The project aims to add the functionality of a recommendation system to the CircuitVerse website. In this report, I have explained every decision or technology in simple words to give a better understanding and to give an idea of why we did, what we did. All my code files 💻🎉 here.
The data that was available for us (check out the database schema) to use didn’t have a target variable (typically a X and a Y to train and test the model and improve the accuracy). Therefore, we had to rely on the usage of unsupervised learning-based algorithms to find the intrinsic pattern and hidden structures in the data and present it to the user.
Our model is a 2 layered model with the first layer consisting of CountVectorizer + LDA and in the next layer we find top 50 closest projects using K-D Trees, while using stars and views for re-ranking. The diagram below shows the model structure in detail :
A SQL query was used to extract the id, author_id, name, description, tag_names, views, and star count which were stored as a JSON file (1,80,000 projects approx). We removed the following:
Replaced NULL values and “Untitled” by empty strings.
Note: We did not remove punctuations like &, *, +, etc as they have a meaning in logic circuits.
Feature Extraction is mainly done to extract important parts or features from a huge chunk of items, based on the frequency/count of occurrence and thus reducing the dimensions of the dataset to enhance processing. Our recommendation system uses CountVectorizer which converts the collection of documents to a matrix of token counts, thus filtering out the important and relevant keywords.
Simply put, LDA creates a distribution of words and packs them together as a topic (the number of topics is chosen by the user). When a new sentence is fed into the model, it is converted to a vector based on the word count (by CountVectorizer). LDA then runs on this project vector and hence we get a distribution of the sentence over all the topics. This becomes the new dimension of the project, thus reducing the dimension of every project to the number of topics (in our case 10). It also reduces the time taken to build the K-D Tree and helps in finding better neighbors.
In our recommendation system, the log-likelihood was the least for 10 topics for the given dataset.
Topics 5 to 50 Zoomed for topics 5 to 20
After getting the probability distribution of each project we can compare the items and thus enhancing the 2nd layer of the model. Item distance being the best collaborative filtering approach gives us the most similar items. However, this will be a computationally expensive method with time complexity of
O(N^2 log(N)), and training the model will take days. We also won’t be able to use this method for new project recommendations in the online mode because of the high runtime.
Therefore, the need to use K-D Trees arose. A K-D Tree (also called a K-Dimensional Tree) is a binary search tree where data in each node is a K-Dimensional point in space. Points to the left of this space are represented by the left subtree of that node and points to the right of the space are represented by the right subtree.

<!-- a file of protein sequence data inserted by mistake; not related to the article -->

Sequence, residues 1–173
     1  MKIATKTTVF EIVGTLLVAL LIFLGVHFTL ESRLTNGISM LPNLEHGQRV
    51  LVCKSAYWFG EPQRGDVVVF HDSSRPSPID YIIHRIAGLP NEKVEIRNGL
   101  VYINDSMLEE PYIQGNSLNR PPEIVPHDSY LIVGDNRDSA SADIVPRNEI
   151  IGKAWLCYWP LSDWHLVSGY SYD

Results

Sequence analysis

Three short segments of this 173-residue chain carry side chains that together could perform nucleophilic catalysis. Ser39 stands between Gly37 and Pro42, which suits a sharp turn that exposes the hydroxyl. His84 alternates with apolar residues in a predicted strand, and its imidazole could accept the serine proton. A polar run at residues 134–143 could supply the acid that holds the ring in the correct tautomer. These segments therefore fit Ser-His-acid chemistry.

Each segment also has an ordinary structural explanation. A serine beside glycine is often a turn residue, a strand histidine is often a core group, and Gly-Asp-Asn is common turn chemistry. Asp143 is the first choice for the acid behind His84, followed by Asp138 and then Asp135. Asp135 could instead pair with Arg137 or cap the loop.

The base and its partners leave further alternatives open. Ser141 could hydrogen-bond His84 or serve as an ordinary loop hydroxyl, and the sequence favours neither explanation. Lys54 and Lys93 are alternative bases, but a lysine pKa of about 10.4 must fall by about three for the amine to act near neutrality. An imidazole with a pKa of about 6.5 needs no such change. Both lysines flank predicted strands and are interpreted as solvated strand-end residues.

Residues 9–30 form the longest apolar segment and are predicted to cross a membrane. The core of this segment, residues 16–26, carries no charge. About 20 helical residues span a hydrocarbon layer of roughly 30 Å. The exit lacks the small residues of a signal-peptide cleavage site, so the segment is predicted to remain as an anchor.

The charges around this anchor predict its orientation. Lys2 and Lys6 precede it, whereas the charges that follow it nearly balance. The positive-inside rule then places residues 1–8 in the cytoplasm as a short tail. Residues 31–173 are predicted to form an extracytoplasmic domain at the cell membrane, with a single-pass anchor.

The advantages of using K-D Trees were:
O(log n)(hence it can be used online).
O(N log(N))(faster training).
The top 50 nearest neighbors of each item are then taken and recommendations are computed.
We take the top 50 nearest neighbors of the project along with the stars and the views of each project.
We split the 10 recommendations into 3 parts:
The first 2 recommendations are just name-based ( since some well-documented circuits like this had too many “important” words in the description and hence was giving different results).
The next 4 recommendations are the top 4 nearest neighbors (based on name + description) that we got from the K-D Tree.
We then re-rank the remaining 46 neighbors by giving them a popularity score which is:
Score = (5 S) + V
Here S is the number of Stars and V is the number of views of a project.
Since we need to calculate the recommendations in real-time, we won’t be working and computing the recommendations for names separately. So the first 5 recommendations would be taking the name + description, extracting features, lemmatization, topic modeling, and showing the top 5 K-D Trees recommendations.
The next 5 recommendations would be re-ranking the remaining 45 recommendations based on the above formula and displaying the results to the user.
Uneven distribution of items
Since this project was the first recommendation system for the organization, there’s tremendous scope for improvement in the project and we would love you to contribute to anything that seems interesting🎉.
Some of the things are listed below:
My experience at CircuitVerse couldn’t be any better, I was given the right support, the mentors were really helpful, cooperative and understanding. My GSoC journey was filled with testing, implementation, researching and a lot of unexpected challenges but my mentor Biswesh Mohapatra helped me throughout. I have learned a lot from the project and super happy with my outcome. I also learnt a lot from my other fellow GSoCers. Kudos to the awesome team and the awesome community of CircuitVerse!
I am very grateful to my mentor Biswesh Mohapatra for helping me throughout the Google Summer of Code Period and for making this project a success. Special thanks to all the core members of the organization Satvik Ramaprasad, Aboobacker MK, Shivansh Srivastava and Shreya Prasad for looking out at my work & guiding me throughout. Lastly, sincere gratitude to Google for offering me this great opportunity to contribute to this wonderful community.
Thank you for reading. Happy Coding !! 💻🎉